3 Facts That Show Minivans Aren’t so Bad After All
“The nicest thing I ever said about a minivan on air is ‘it’s your money, do what you want.'”
That’s Ben Bowlin, co-host of the CarStuff podcast, firing another volley in the Great CarStuff Minivan War. Ben (self-avowed minivan cynic) and co-host Scott Benjamin (reluctant minivan apologist) discuss in this podcast episode not just the history of the minivan, but their own deepening understanding of how the minivan may or may not be the worst thing that’s ever happened to cars. Conclusion? Probably not!
There’s more to the minivan story than just the tale of a harried parent trying to stuff more kids into a vehicle bound for basketball practice. In fact, the so-called Swagger Wagon was a surprise hit for the auto industry. Didn’t know that? What about these three points?
1. It Was Being Kicked Around as a Design Well Before the ’80s
Sure, the Chrysler design (which included the Town & Country, Dodge Caravan and Plymouth Voyager) first came off the line in 1983. But even in the 1970s, Lee Iacocca, then-president of the Ford Motor Company, was working with designers on the Ford Carousel — a vehicle that looked suspiciously like the Chrysler minivans that showed up in 1984. Perhaps not coincidentally, Iacocca was fired from Ford in 1978 … and became the president of Chrysler soon after.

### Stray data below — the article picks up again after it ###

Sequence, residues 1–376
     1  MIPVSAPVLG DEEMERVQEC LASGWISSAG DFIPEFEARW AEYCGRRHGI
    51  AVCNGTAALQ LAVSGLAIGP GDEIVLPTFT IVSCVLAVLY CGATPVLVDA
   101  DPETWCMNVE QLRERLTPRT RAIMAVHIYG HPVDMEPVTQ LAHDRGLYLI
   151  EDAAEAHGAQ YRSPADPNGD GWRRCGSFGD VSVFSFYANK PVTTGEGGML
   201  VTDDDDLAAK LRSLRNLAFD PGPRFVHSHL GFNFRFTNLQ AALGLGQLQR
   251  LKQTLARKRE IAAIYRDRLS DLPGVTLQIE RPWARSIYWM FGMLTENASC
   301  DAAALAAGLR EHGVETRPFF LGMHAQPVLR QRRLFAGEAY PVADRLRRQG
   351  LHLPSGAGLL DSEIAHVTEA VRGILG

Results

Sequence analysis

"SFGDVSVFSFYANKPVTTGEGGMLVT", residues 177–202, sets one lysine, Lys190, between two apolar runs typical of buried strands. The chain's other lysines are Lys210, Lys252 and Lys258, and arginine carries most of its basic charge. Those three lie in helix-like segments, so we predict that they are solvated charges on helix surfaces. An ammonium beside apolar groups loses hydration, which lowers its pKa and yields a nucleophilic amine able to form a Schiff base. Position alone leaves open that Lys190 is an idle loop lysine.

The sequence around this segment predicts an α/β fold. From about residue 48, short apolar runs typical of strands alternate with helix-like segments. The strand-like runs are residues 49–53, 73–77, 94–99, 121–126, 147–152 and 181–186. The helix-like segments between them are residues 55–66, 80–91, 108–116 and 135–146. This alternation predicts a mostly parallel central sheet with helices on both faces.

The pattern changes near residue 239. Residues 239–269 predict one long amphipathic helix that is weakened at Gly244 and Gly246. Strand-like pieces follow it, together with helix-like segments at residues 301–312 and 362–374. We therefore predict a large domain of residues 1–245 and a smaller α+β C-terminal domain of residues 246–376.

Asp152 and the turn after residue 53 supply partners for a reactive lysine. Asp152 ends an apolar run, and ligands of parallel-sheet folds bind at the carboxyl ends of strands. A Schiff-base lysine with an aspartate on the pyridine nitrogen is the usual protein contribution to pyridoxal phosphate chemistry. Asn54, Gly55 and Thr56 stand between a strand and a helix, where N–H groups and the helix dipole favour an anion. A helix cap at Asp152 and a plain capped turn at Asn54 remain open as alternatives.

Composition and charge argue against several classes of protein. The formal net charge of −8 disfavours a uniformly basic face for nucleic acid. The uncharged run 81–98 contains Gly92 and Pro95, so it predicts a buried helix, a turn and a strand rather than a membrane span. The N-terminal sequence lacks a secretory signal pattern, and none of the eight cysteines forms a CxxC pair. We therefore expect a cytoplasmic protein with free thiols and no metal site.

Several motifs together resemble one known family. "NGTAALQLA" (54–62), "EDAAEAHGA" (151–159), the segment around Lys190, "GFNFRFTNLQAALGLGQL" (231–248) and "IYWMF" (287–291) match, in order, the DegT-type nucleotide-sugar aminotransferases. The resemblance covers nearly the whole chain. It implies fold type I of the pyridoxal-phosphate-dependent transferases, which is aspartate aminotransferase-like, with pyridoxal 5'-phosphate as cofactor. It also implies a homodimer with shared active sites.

2. It Was Shelved for Some Practical Reasons
But let’s not just blame short-sighted execs at Ford for missing the point; they had some real constraints in the 1970s to produce a brand-new kind of vehicle. “The 1973 energy crisis and the subsequent recession in the mid-’70s made the company cut back,” Ben points out in the podcast. “Ford had to cut back on development of entirely new vehicles, and one of their policies at the time to cut costs was to say unless a vehicle is replacing an already successful line, we’re not going to try to go out and make a new market.”
3. Chrysler Minivans Actually Pioneered a Ton of Features
We’re talking the first minivan with a turbocharged gas engine, all-wheel drive, an electric option (in the early 1990s, no less!), and seamless passenger side airbags. (And truly, there are a lot more features Chrysler was first to add.) So your image of the dowdy, functional minivan couldn’t be further from the truth; they were actually industry leaders, in many ways.
But that also leaves us to wonder where the minivan is headed. “Sales have sharply declined as of April of this year,” Ben points out. “Are people who normally would’ve purchased a minivan 10 to 15 years ago buying crossovers? Are they going to be buying compact SUVS? I think that’s the direction things are headed in. But also it’s not a ding on the minivans. If they’re meant to be family cars, then it seems like their emphasis on luxury and comfort is paying off.”
So perhaps, armed with information, we may have reached a peaceful détente in our Great Minivan War. Because as Ben himself even admits about the last time he was in a minivan: “You know what? On the inside it’s not that bad.”
To solidify your own stance on the minivan (and learn how to use the word “garageable” in a sentence), check out this CarStuff podcast with Ben and Scott.